Cleft Lip & Cleft Palate
Common Birth Defects That Can Be Repaired Beautifully by Skilled Surgeons
How Are Clefts Repaired?
Cleft repair was a long-standing puzzle finally solved by Dr. Ralph Millard, a Harvard-trained U.S. Navy surgeon who made a conceptual breakthrough in 1950 while stationed in Korea. He had dozed off one evening with photographs of cleft patients spread before him. Upon waking, he focused by chance on an askew picture that made him realize the tissue required for a good-looking cleft repair was in fact present albeit distorted. He saw that all he had to do was release the tissue of the lip and “move what is normal into a normal position.” The surgical technique he developed formed the basis of modern cleft-repair surgery.
|Harry at one month old with a complete, bilateral cleft lip.|
|Cleft lip repair surgery was performed at 3 months of age.|
|Harry at age 9 is an outstanding example of cleft lip repair.|
|Harry at age 16 is a fully functioning, attractive and confident person.|
|Grateful acknowledgement is made to the Cleft Lip & Palate Association (CLAPA) for permission to use the patient photographs accompanying this article.|
Nowadays, skilled surgical teams can treat clefts with techniques that literally bridge these gaps — and this truly is where artistry and science meet. The repair is typically done in stages that involve several surgeries over months or even years. Repair of the lip usually occurs at 3–6 months of age, followed by repair of the palate at 6–12 months. Secondary cleft surgery may be necessary in subsequent years to refine these earlier surgeries.
Traditional dentistry plays a large role in cleft palate repair. Members of the cleft team may include a maxillofacial (oral) surgeon, an orthodontist, and a general dentist.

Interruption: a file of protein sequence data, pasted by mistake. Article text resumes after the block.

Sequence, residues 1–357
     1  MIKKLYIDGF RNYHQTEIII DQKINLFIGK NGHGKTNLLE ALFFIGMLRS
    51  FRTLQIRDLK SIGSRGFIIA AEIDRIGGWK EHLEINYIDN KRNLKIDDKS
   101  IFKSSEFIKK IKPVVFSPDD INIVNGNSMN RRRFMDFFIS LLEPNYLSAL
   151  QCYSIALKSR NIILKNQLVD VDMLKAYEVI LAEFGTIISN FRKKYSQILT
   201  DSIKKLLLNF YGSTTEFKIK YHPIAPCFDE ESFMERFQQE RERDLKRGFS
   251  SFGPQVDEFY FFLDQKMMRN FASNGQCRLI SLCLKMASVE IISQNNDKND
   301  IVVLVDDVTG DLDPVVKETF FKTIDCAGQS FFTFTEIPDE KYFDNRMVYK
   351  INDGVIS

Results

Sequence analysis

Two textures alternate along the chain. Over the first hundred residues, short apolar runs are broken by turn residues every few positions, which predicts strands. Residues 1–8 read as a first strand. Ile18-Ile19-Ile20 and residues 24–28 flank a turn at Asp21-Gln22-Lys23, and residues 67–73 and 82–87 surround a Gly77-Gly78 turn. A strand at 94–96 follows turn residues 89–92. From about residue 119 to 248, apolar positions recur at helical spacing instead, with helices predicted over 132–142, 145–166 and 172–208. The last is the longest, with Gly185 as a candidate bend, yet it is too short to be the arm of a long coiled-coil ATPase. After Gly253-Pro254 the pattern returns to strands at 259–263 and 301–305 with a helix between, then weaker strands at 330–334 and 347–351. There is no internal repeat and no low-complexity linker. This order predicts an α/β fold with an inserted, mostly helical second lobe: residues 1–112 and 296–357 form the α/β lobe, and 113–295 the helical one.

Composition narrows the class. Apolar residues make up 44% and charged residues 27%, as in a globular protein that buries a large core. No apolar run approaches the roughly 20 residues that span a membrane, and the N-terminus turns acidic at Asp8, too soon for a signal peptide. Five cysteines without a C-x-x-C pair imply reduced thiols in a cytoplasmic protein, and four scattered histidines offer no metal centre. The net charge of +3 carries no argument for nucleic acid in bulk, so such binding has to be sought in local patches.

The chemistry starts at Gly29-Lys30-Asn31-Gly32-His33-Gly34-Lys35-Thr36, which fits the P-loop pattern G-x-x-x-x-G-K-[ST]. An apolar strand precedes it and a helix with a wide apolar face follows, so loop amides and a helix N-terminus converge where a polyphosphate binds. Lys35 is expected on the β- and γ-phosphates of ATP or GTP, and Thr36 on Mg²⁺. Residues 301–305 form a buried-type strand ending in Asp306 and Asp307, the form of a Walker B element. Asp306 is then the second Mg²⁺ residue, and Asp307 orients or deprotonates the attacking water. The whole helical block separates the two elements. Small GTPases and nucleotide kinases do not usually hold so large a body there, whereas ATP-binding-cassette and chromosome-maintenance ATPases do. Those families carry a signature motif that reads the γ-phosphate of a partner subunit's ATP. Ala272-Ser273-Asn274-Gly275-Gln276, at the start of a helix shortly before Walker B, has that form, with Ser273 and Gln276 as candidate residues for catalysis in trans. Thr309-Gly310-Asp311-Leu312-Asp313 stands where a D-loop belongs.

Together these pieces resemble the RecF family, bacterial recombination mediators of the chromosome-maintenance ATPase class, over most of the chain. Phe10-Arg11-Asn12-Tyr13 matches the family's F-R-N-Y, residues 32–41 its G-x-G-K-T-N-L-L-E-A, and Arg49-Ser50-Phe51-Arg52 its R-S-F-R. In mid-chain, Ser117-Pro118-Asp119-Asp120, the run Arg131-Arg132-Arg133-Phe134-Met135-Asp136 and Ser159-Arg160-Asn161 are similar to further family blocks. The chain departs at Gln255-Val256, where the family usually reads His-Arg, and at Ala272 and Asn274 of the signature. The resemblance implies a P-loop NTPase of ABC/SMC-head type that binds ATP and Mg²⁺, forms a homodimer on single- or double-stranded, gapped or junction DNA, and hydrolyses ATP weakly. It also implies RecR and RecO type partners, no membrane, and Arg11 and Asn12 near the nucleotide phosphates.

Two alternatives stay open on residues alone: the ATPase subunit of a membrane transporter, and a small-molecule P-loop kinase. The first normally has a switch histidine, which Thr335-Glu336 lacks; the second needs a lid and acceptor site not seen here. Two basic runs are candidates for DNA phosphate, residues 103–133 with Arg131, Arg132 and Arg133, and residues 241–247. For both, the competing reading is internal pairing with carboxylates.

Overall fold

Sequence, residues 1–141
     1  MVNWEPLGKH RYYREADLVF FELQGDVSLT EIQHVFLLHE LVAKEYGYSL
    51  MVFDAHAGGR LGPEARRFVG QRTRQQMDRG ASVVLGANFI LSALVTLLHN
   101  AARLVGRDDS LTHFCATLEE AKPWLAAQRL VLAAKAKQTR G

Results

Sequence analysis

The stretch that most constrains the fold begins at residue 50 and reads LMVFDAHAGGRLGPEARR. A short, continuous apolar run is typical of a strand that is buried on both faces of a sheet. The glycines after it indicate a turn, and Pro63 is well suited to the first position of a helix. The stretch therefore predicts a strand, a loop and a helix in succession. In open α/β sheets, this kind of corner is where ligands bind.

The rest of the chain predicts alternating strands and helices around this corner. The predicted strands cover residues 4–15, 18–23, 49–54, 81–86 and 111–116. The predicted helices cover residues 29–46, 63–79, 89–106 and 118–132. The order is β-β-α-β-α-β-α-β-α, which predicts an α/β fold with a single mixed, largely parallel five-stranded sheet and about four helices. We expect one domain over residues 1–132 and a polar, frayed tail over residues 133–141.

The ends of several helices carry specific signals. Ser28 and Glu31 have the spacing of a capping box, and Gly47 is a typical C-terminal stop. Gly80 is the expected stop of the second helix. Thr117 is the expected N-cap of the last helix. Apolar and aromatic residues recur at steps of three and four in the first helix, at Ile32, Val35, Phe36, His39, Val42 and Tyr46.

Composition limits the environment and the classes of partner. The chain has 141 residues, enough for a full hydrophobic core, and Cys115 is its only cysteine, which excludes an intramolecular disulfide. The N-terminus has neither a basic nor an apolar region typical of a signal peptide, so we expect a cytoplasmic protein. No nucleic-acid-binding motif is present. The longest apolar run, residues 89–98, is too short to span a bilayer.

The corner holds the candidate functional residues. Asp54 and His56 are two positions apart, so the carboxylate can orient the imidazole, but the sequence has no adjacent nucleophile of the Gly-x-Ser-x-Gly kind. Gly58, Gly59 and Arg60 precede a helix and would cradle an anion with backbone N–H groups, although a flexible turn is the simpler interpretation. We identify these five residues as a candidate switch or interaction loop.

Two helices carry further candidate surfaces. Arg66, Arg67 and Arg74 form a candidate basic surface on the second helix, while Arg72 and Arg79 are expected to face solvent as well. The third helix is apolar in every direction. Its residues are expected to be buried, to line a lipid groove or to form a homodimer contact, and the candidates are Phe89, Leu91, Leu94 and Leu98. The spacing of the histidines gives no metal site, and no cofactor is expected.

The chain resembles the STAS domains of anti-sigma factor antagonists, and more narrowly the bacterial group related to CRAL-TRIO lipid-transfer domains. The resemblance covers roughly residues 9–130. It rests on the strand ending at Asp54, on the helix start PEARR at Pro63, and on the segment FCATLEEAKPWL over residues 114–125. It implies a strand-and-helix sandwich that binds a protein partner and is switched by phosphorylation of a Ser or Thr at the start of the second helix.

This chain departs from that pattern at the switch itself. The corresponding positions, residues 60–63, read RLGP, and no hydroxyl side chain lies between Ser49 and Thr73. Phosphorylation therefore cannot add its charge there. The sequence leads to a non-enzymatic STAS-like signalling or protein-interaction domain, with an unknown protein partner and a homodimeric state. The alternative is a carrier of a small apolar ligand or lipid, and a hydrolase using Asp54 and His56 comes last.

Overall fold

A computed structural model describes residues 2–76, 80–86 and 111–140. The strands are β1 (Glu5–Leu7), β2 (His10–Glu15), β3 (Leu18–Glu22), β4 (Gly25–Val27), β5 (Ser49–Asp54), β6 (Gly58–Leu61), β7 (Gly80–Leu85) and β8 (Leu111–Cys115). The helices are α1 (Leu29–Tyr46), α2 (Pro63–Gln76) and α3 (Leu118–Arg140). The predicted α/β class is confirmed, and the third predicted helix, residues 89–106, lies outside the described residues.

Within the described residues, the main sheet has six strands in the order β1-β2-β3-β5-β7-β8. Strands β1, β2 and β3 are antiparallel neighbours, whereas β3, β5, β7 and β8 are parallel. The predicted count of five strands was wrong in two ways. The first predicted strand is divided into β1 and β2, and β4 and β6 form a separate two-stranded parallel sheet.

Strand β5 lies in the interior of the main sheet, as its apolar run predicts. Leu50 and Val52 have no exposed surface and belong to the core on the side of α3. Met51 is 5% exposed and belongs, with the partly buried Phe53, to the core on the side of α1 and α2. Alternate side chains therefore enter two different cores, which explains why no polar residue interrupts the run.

The general dentist is central at all stages, initially to support the patient and family and then to maintain dental health, preventing decay in these vulnerable children. Later, the dentist will create and maintain an excellent occlusion (bite) with any necessary prostheses, including implants or crown and bridgework, if necessary. The dentist’s long-term care of the child’s teeth and the supporting periodontal (gum) tissues is crucial.
All’s Well That Ends Well
The sense of wonder that we all have for the myriad intricate mechanisms that allow development of a healthy baby unfortunately will not diminish the grief and fear experienced by parents on being confronted with a child whose appearance is so different from what had been hoped for and expected when facial clefts occur.
It is a tribute to the strength of parents, the support of family and friends, and the skills of the child’s team of dental/surgical professionals that this apparently catastrophic condition can be treated successfully and the child develop into a fully functioning, aesthetically pleasing and confident person.